“It’s still a shadow that everyone stands under to this day,” Rasula said. “There’s just never really been anything quite like it since then.”
But perhaps the biggest change ushered in by the literature of this era centered on its view of war.
The horror of trench warfare, which so defined WWI, irrevocably altered the Lost Generation’s perception of conflict.
For example, one of the most famous poems to emerge from the war is “In Flanders Fields,” written by Canadian John McCrae while fighting in Belgium in May 1915.
The image McCrae conveys of poppies quickly sprouting around the graves of the war dead is one the lasting images of the 20th century.
“It’s just so visceral, that image,” said Glen Kyle, director of the Northeast Georgia History Center at Brenau University.
Red poppies have been used as a symbolic sign honoring those who fought and died in wars ever since.
But, perhaps because it was written in the early years of the war, the poem proceeds to encourage soldiers to continue the fight, to gain their due honor and glory.
By the end of the war, this feeling seemed lost on everyone, particularly the creative class. There was no honor left to bestow, no glory left to claim.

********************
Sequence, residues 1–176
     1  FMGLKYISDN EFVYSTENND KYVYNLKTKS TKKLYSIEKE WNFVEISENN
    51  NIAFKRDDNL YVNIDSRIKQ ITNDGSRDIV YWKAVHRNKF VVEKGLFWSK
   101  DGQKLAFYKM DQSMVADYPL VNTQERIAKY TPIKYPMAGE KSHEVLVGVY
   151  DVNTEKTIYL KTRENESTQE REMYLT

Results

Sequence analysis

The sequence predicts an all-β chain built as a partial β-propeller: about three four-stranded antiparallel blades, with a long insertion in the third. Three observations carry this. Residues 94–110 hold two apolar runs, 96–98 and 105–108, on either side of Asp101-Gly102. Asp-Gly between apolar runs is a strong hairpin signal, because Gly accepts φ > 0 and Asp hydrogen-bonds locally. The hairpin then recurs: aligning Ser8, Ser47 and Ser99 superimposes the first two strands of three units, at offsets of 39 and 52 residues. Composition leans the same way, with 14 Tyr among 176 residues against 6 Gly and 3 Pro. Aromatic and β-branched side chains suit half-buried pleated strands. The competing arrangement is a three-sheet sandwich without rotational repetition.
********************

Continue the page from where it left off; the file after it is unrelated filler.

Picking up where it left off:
And the writers who had experienced the war in its grisly, tragic wrath, forwent much of their idealism in favor of realism.
“I was always embarrassed by the words sacred, glorious and sacrifice and the expression in vain,” Hemingway wrote in “A Farewell To Arms.”
“We had heard them, sometimes standing in the rain almost out of earshot, so that only the shouted words came through, and had read them, on proclamations that were slapped up by billposters over other publications, now for a long time, and I had seen nothing sacred, and the things that were glorious had no glory and the sacrifices were like the stockyards in Chicago if nothing was done with the meat except to bury it.”
In retrospect, Kyle said, the war is viewed as anything but triumphant, rather more of a waste, “a failure of the nation state rather than its crowning achievement.”